Paul continues Jesus’ message of reconciliation, focusing on the tension in the early church between the Jews and the Gentiles. His famous words resound throughout the ages: “There is neither Jew nor Gentile, neither slave nor free, nor is there male and female, for you are all one in Christ Jesus” (Galatians 3:28). This narrative of welcome for all ultimately culminates in the “marriage supper of the Lamb,” as described in Revelation, where those “from every tribe and language and people and nation” will worship Christ together.
This theological foundation has great significance for the church today. Because of the cross, we are both reconciled to God and reconciled to those of other races. Such reconciliation naturally leads to integration, which is where the church is weak, the authors say. They lay out four recurring issues that require consideration and action from the church, if we are to be fully reconciled and integrated.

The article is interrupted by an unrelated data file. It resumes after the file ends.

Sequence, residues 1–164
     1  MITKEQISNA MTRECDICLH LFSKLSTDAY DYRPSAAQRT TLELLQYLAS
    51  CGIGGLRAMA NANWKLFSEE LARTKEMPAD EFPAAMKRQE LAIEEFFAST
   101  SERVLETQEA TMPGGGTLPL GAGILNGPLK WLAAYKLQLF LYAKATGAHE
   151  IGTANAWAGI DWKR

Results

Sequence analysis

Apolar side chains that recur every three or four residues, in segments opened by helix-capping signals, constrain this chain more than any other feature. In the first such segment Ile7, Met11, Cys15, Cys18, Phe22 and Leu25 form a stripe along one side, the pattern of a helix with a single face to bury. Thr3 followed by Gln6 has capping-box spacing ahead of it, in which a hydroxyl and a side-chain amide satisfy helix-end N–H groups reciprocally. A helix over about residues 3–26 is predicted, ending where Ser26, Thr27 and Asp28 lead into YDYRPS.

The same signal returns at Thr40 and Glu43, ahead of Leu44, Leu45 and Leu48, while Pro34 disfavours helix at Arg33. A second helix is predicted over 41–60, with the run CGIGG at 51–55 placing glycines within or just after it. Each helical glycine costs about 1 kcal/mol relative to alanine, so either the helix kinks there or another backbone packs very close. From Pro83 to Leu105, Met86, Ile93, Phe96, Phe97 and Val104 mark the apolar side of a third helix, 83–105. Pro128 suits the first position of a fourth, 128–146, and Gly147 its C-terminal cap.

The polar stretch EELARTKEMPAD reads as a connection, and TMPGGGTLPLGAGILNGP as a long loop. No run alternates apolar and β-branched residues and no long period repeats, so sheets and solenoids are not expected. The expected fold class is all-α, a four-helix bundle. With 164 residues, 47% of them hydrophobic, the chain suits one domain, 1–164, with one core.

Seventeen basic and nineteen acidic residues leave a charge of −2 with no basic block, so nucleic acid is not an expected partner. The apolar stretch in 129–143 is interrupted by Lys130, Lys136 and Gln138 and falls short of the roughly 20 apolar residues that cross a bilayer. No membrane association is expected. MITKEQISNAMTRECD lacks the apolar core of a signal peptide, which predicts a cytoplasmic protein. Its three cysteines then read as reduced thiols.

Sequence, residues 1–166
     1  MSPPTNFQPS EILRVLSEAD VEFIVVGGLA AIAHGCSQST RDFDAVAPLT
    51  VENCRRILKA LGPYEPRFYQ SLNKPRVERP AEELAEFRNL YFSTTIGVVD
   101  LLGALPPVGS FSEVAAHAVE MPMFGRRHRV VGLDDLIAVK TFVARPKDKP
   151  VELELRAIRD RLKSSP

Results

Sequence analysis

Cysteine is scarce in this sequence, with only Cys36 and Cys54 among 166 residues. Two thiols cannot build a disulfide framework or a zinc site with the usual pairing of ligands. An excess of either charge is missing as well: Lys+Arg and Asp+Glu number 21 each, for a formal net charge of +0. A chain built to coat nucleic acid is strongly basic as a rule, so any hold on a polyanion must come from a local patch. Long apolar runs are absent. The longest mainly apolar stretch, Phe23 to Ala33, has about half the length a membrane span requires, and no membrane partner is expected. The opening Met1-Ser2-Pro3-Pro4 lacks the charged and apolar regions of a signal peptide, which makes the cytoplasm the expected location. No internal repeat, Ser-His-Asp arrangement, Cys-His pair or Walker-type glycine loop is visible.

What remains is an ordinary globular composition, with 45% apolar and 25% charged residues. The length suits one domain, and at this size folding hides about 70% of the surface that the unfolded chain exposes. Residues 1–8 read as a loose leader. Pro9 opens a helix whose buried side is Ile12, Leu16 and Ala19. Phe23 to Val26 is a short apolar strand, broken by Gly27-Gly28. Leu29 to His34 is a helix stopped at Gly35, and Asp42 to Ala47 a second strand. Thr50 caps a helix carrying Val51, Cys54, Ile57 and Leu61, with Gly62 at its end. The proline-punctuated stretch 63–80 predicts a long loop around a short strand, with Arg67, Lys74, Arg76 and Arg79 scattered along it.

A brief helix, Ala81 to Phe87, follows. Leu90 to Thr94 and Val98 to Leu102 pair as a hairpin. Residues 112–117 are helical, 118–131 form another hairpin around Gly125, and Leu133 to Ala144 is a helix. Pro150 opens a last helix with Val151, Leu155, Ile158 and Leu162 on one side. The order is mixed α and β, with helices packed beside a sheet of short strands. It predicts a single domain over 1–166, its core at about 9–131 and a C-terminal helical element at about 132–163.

First, immigration. As touchy as the subject can be across the political spectrum, it is, for the Christian, ultimately an issue of showing welcome. Based on the fact that God called the Israelites to welcome strangers into their midst, and the reality that Christians are themselves “sojourners” in this world (with “citizenship in heaven”), the church is called to embrace the foreigner. How this is done, amidst a complex array of national security issues, is an issue for the church to consider and take seriously.
Second, interracial marriage. Israel’s identity as the people of God was characterized by faithfulness and worship, not racial purity. Hence, today’s Christians should not be tempted toward the false idea that interracial marriage is a deviation of God’s plan. On the contrary, it is an ideal picture of God’s design for unity to meet diversity.